In a speech during the opening ceremony of a mosque constructed with funds provided by Turkey in Tirana last week, Erdoğan described the Gülen movement -- a civil society movement inspired by Turkish Islamic scholar Fethullah Gülen, which has established a network of schools, universities and associations across the world to promote education and inter-faith dialogue -- as a terrorist organization.
"We consider this structure, which has become a source of threat to our nation and state, as a terrorist organization," Erdoğan said in his call to Albanian authorities to shut down Gülen-affiliated schools.
Erdoğan's remarks sparked a barrage of criticism from Albanian politicians, with the Albanian president also taking part in the debate. Nishani strongly rejected Erdoğan's characterization of the Gülen movement and dismissed the Turkish president's demand for the closure of the schools.
"There is no such terrorist organization in Albania. In my view, the Gülen schools pose no threat either to Albania or Turkey," he said in a televised interview aired on Ora News on Monday night.
Erdoğan's one-day visit has left a sour taste in Albanian political circles and has inflicted damage to bilateral relations. Politicians and journalists were jolted by what they describe as Erdoğan meddling in Albania's domestic politics, expressing dismay over the Turkish president's disregard for Albania's sovereignty.
Nishani spoke during a program titled “Tonight” hosted by Ilva Tare, revealing the content of his meeting with Erdoğan after his Turkish counterpart's remarks to the media about the meeting.
Erdoğan told Turkish reporters that he discussed the "parallel structure" -- a reference to the Gülen movement -- with both the Albanian president and the prime minister. Erdoğan said the Albanian leaders responded positively to his concerns.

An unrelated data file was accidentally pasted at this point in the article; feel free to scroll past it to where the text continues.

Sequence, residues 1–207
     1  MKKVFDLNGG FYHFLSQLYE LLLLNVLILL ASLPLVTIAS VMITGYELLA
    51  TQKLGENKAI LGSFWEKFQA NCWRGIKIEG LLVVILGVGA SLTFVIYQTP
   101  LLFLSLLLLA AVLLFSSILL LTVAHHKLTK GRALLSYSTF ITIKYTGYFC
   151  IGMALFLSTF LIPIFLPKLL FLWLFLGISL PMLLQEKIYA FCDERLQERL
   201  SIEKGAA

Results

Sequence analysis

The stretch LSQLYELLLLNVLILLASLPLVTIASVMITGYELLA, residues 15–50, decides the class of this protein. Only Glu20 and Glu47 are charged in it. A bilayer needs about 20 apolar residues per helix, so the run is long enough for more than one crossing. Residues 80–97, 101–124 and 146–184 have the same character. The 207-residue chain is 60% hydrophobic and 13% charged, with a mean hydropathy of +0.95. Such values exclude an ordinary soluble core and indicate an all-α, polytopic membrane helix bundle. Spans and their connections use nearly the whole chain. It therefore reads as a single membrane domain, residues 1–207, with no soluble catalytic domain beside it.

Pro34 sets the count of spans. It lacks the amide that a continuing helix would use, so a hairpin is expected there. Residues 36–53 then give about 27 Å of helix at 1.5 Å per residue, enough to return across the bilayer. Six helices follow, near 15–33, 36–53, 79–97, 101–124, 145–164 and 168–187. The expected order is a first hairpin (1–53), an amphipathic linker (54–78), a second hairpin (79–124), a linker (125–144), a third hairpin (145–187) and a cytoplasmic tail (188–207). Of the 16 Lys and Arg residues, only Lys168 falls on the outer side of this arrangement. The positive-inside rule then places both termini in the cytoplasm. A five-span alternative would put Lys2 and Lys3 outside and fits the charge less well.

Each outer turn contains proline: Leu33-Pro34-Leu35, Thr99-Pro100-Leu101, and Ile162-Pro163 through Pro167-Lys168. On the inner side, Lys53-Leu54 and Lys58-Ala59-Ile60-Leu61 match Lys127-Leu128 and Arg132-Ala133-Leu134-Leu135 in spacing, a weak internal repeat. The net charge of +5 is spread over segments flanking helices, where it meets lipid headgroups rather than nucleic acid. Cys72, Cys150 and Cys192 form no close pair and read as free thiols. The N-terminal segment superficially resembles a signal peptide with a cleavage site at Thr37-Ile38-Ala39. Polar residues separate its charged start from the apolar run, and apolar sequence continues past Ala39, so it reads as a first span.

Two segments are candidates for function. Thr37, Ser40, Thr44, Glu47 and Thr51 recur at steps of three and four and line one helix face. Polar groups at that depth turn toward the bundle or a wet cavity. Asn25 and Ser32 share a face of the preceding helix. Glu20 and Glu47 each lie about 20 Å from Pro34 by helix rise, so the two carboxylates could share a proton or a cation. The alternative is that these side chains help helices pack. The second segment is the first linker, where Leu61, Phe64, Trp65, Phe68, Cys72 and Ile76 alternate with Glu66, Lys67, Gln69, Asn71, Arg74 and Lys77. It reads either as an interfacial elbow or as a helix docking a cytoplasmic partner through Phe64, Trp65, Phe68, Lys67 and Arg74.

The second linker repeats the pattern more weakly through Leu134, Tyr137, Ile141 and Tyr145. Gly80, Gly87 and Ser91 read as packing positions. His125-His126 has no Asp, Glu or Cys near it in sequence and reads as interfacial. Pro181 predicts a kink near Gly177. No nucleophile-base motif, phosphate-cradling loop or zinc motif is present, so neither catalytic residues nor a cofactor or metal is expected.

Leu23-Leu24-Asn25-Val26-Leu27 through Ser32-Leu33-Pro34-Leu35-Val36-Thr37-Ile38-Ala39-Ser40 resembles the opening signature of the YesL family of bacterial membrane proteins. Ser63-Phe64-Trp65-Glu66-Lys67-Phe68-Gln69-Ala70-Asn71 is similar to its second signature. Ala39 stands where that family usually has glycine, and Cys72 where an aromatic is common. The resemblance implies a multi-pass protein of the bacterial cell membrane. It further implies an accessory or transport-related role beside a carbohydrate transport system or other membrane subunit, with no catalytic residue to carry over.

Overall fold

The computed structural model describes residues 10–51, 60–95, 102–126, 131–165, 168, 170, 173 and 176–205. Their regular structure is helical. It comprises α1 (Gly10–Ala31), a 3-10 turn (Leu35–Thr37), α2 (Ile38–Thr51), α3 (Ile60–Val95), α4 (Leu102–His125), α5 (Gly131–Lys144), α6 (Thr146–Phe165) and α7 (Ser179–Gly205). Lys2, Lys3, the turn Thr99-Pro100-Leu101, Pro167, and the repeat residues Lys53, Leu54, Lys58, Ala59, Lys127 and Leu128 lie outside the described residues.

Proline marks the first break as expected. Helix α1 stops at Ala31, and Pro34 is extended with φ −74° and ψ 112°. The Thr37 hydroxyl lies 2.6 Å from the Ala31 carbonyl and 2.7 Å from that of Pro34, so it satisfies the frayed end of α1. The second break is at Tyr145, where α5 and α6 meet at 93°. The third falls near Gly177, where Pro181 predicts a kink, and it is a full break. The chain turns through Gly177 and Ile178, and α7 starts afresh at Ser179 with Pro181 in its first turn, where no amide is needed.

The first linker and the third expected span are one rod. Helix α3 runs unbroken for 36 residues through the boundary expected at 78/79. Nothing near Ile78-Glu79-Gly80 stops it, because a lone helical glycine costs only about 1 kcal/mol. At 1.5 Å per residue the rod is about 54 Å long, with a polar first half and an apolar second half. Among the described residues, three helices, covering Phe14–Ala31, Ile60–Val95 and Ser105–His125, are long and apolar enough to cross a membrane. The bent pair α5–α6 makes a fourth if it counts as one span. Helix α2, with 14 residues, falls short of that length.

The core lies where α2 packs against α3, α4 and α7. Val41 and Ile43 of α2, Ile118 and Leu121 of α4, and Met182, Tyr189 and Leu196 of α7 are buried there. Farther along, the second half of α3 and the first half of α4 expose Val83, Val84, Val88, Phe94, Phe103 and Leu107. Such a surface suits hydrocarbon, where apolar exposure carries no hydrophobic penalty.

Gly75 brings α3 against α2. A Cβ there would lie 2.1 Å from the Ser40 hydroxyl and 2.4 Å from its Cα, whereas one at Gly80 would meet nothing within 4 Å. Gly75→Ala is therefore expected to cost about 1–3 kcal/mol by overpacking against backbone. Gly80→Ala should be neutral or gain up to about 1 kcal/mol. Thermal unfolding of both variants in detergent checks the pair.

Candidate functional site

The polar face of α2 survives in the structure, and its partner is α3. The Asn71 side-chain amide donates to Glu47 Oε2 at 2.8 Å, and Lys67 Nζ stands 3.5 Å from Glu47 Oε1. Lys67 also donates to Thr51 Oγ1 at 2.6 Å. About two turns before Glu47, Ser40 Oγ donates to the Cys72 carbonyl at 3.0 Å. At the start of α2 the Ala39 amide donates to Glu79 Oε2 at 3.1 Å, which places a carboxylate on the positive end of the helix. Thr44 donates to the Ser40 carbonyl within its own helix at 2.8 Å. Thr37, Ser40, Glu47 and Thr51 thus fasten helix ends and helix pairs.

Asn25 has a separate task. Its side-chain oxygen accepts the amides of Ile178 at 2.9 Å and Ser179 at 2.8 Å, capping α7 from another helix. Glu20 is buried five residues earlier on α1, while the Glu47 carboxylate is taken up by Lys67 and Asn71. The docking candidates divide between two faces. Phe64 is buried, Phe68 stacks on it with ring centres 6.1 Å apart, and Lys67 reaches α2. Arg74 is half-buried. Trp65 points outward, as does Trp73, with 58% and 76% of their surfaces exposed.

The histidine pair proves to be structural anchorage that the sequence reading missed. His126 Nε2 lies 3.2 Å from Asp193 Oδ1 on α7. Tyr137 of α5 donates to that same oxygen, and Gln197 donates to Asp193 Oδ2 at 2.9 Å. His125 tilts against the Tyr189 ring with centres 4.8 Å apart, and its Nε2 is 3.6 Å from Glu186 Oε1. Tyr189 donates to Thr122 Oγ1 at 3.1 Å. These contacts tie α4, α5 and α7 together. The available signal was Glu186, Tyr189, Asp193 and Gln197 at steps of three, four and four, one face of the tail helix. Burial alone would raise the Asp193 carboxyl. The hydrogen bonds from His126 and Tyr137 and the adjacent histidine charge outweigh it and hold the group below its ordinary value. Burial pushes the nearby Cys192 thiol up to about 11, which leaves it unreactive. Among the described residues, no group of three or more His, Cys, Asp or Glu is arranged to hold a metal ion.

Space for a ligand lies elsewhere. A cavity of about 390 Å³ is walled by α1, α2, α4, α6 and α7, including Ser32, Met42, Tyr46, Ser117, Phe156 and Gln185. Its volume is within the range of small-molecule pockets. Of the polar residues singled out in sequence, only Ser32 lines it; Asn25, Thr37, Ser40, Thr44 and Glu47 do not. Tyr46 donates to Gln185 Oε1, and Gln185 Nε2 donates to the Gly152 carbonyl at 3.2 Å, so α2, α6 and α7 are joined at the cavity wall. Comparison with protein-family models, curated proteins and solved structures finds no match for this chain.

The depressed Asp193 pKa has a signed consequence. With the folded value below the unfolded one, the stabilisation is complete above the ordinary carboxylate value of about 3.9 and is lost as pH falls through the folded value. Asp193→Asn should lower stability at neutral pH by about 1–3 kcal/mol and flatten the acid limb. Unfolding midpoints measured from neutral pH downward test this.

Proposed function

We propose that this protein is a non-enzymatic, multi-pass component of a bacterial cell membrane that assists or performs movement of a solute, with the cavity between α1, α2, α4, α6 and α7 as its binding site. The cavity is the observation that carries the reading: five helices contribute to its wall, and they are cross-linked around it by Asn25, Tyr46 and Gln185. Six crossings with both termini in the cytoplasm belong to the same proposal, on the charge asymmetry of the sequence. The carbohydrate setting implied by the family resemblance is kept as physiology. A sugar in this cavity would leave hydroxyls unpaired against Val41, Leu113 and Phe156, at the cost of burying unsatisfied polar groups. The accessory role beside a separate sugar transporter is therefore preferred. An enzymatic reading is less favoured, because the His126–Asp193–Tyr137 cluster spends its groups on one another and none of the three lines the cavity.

The Albanian president, however, denied Erdoğan's claim and said the subject was not raised during the bilateral meeting between Turkish and Albanian officials. "This subject was briefly addressed outside of official discussions. We expressed our thoughts [on the subject] as presidents of two different countries," Nishani told Tare during the interview.
"As you know we fight against a parallel structure in our country. We consider this structure a terrorist organization as it poses danger to our state and nation. We unwaveringly continue to fight this organization in our country and every part of the world. This organization also operates in Albania, our sister country," Erdoğan told the audience during the opening ceremony of the mosque. He said he talked to Albanian leaders and was assured that they would do anything necessary to deal with the terrorist organization.
Erdoğan offered educational services and investments in return for the closure of Gülen schools.
"As to my knowledge, there is no such terrorist organization in Albania. When it comes to the schools affiliated with the Gülen movement and investments [by Turkey], I cannot speak on behalf of the Albanian government," said Nishani. "I told Mr. Erdoğan that Gülen's schools operate within the scope of the law and in line with the principle of secularism, do not pose a threat to security and have modern infrastructure."
When asked by Tare whether he could intervene in Erdoğan's remarks, Nishani said Albania could not restrict the content of a visiting guest's public speech. "We can control what our officials say, but not visiting guests."
Nishani also emphasized that Albania does not interfere in Turkey's domestic politics and does not want to be a part of its domestic conflicts.
Erdoğan given appropriate response to ‘political' request regarding Turkish schools
Albanian Interior Minister Saimir Tahiri has said his country's relevant authorities gave Turkish President Erdoğan the necessary responses to his recent request for the closure of Turkish schools in the country.
Tahiri said at a press conference on Monday that Erdoğan's request to shut down the schools and the Gülen movement's activities in Albania is “political” rather than aimed at ensuring security in the region. The minister also said counterterrorism efforts should not be tied to simple political gains.
Published on Today's Zaman, 19 May 2015, Tuesday
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